Choosing the Right Paper for Your Grimoire
If you’re planning a physical grimoire, paper is something you’ll need to consider. Here are a few things to keep in mind while you’re in the designing stage of your grimoire.
If you’re planning to use a bound book, look at the paper inside it. The lighter the paper, the more difficult it will be to glue things to it (the paper will wrinkle and buckle easily). Also if the paper is light, it is more likely that your ink may bleed through to the second side of the page, making it impossible for you to write on both sides of the paper. Conversely, the thicker the paper, the fewer pages the book will contain, meaning that you’ll have to replace it sooner.
Think also about whether you will be handwriting or using a printer. The average weight of copy or inkjet printer paper may be a bit light if you’re planning to use paint, markers, or glue, so check the weight on the package. The higher the weight of the paper, the thicker the sheet. Average printer paper is around twenty pounds, while seventy pounds is like light card stock (think the heavy paper that tickets are printed on, or even a light postcard weight). Always check to see the maximum weight of paper your printer can handle too. The brightness of the white of the paper may also be an issue. Brightness describes how much light reflects off the paper. Average printer paper has a brightness of about 80. The higher the number, the brighter the white will appear, because it reflects more light.
In the design process, you may choose a variety of papers. If you plan to glue things to paper or paint in your grimoire, a heavier weight may be a good choice for those pages, while regular inkjet printer paper may serve for the others.
You can also look into making your own paper. It’s actually easier than it sounds. Use the following activity to make an herbal paper for writing your spells.
MAKING HERBAL PAPER
Making your own paper is a great way to involve the energy of herbs and flowers in your spellcraft, as well as to be able to empower your spellcraft from beginning to end to really set your intentions. Please note that this project calls for a blender. Pick one up at a thrift store; don’t use a good one for this. A thrift store food processor could work as well. If you want tinted paper, add a few drops of food coloring to the blender. Start with one or two and blend; less is more!
NOTE: Writing on this paper could be tricky. A felt-tip pen might bleed, and a very fine ballpoint pen could scratch the paper surface instead of laying down ink. Experiment with scraps of the paper to see how different inks react before using a pairing in an actual spell or other magical situation.
WHAT YOU NEED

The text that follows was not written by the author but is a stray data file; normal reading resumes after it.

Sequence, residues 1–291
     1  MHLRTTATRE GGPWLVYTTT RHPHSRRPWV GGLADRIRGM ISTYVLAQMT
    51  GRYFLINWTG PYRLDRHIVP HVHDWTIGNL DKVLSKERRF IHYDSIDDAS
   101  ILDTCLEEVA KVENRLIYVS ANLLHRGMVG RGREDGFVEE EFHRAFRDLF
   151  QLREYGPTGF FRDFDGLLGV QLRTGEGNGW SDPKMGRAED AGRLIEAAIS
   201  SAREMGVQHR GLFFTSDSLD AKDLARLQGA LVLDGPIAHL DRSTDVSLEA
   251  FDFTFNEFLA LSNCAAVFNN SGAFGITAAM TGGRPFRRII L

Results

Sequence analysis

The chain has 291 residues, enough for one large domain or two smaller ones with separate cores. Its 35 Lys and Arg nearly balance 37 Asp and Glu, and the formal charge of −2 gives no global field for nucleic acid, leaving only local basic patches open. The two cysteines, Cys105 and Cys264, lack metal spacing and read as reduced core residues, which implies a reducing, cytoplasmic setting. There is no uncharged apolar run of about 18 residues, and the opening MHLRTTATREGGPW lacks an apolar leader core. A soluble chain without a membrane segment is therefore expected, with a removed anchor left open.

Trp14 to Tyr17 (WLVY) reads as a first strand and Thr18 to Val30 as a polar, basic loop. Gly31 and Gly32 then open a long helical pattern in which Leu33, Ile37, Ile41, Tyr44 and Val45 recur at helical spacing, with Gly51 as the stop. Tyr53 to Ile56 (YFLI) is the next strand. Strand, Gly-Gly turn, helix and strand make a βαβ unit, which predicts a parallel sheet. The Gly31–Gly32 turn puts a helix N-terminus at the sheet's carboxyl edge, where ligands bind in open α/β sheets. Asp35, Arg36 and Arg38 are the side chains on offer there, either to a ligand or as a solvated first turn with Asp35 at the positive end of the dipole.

• Herbal inclusions keyed to your goal
• Screening (mosquito screen made of nylon or wire)
• 8″ × 10″ wooden picture frame with glass insert
• Heavy stapler
• Mortar andpestle
• Shredded paper (approximately 2 handfuls to make 1 sheet of paper)
• Bucket or deep waterproof container
• 2–3 towels (old bath towels work well for this)
• Blotting paper (newspaper, craft paper, etc.)
• Heavy book
• Envelope for storage
WHAT TO DO
1. Choose herbs and/or flowers to incorporate in your paper according to your magical goal.
2. Prepare the screen mold for your paper: Remove glass insert of picture frame and set aside to use later in this activity. Take your screening and stretch it across the back of the 8″ × 10″
picture frame. Staple it securely in place.
3. Grind the dried plant matter well with a mortar and pestle or crumble the dried flowers.
4. Take the shredded paper and soak it in a bucket of water for 15–20 minutes. (If your shredded paper is thicker or heavier, it can take longer.).
5. Fill the blender halfway full with water, then add a spoonful of the soaked paper; close the blender and process it. Stop, add another spoonful of soaked paper, and repeat. Don’t overload the blender with just paper slurry; it can burn the motor out. Add the dried herbs to the blender and stir or pulse quickly.
6. Spoon the pulp out on the screen as evenly as possible. Put the glass insert you set aside earlier on top and press down gently. Set the frame on a folded towel to catch drips of water as it drains.
7. After the immediate water has drained, lift o the glass and carefully flip the mold over onto folded towels. Lift the mold off, then cover the wet paper sheet with another towel and press.
8. An easy way to dry the paper evenly and without buckling is to make a lasagna-type stack. Start with blotting paper, lay the handmade paper on top, cover with more blotting paper, and so forth. Put a heavy book on top to press the stack down. Check the pressed paper every day and remove it when it’s dry. How long that will be depends on how wet your slurry was, what your weather is like, and how absorbent your blotting paper is. If you find that the blotting paper is damp and your handmade paper isn’t dry yet, remove the damp blotting sheets and replace them with a fresh set.
9. Store in an envelope marked with the date and the ingredients, along with the intention set during the papermaking process. If you have paper slurry left over, drain it in a sieve, squeeze out excess water, and let it dry. You can use it again the next time you make paper.
Excerpted from The Green Witch’s Grimoire by Arin Murphy-Hiscock. Copyright © 2020 by Simon & Schuster, Inc. Used by permission of the publisher. All rights reserved.